Fraud EDge

Africa needs solid education to fight fraud

When corruption thrives and dirty money is kept in offshore accounts, Africa’s high levels of poverty remain. How do we reverse the trend? The solution lies in reviving countries’ primary educational standards and increasing fraud awareness and education.

Fraud is costly in Africa. According to the ACFE’s 2018 Report to the Nations, median losses for sub-Saharan Africa organizations are $90,000. The study finds corruption (49 percent), and cash on hand (21 percent), as the leading types of fraud reported in sub-Saharan Africa cases. The study also finds that the largest percentage of sub-Saharan African frauds are committed by employees (48 percent) with a median loss of $55,000, then managers (36 percent) with a median loss of $73,000, followed by owners/executives (14 percent) with a median loss of nearly $2,716,000.

In the 2017 book, Fate of the Nation: Three Scenarios for South Africa’s Future, the author, Jakkie Cilliers, explains that although other developing countries might experience the same levels of median loss of a single occupational fraud as in Africa, those non-African countries plough the illegal proceeds back into the economy rather than stash them offshore.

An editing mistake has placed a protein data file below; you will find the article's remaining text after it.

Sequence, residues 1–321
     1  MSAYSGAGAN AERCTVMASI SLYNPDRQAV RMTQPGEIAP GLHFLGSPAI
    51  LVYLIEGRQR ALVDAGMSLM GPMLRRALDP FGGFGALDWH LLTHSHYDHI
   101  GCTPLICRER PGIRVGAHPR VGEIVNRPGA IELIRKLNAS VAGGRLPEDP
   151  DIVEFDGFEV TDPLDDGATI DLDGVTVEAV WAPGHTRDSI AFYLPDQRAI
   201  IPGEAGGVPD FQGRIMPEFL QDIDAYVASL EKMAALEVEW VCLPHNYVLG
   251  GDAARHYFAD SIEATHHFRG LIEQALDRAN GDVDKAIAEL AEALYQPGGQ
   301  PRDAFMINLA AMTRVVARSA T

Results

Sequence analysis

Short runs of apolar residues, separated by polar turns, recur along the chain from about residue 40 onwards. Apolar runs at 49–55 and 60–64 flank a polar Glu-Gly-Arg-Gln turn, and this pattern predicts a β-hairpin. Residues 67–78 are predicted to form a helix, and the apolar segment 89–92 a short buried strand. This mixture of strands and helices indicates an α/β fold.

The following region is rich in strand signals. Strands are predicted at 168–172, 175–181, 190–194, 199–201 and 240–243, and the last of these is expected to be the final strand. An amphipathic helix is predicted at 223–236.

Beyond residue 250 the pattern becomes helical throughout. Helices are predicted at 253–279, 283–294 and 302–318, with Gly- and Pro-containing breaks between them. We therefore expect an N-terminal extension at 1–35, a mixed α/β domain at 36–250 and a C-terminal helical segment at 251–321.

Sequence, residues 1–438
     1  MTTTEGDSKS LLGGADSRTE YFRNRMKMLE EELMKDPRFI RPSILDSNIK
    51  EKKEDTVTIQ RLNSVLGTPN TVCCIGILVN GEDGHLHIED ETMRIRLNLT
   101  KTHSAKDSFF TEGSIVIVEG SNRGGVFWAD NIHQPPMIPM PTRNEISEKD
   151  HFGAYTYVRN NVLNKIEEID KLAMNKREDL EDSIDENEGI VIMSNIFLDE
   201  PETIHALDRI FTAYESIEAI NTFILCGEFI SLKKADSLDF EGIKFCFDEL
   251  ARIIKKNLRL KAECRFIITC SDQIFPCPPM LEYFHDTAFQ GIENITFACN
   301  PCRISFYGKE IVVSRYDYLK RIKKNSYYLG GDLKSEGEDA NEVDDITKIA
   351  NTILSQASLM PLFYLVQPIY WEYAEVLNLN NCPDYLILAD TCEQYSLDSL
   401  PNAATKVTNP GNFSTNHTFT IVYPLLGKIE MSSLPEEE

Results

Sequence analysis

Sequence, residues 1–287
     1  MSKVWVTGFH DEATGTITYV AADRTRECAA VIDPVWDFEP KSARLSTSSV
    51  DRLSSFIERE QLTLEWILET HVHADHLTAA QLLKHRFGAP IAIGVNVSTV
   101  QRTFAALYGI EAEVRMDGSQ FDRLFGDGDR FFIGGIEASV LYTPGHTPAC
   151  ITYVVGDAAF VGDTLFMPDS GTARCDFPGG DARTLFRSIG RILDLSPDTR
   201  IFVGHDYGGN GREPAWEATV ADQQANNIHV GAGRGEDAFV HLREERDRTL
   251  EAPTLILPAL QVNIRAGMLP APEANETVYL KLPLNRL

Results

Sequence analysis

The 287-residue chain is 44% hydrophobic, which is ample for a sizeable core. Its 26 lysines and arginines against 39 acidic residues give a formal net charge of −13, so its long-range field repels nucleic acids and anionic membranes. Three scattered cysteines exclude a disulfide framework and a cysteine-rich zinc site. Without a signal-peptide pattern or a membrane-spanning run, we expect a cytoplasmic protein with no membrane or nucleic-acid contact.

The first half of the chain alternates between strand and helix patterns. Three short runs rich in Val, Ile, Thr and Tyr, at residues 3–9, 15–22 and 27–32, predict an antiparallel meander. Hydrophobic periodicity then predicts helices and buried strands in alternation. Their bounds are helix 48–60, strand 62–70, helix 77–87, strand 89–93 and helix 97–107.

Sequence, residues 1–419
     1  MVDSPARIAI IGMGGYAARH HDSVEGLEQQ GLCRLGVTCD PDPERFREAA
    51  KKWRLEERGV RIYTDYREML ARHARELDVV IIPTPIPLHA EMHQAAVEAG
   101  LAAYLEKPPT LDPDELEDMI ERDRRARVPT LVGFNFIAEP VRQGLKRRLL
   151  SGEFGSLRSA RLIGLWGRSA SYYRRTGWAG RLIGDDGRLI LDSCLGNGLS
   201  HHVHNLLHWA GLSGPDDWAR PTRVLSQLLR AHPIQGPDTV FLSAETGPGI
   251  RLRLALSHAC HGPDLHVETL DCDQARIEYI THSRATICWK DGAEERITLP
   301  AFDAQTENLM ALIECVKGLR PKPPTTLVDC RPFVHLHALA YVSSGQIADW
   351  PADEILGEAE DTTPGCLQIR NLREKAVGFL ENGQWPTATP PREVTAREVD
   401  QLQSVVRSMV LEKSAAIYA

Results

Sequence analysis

Corruption not only increases poverty, it reinforces it. According to the Institute for Security Studies (ISS), African countries remain poor as their leaders put their money in overseas banks and buy luxury real estate abroad. The solution lies in anti-fraud education and promoting ethics from the family up to national government. (See The fight against corruption in Africa is on, by Liesl Louw-Vaudran, Aug. 18, 2017.)


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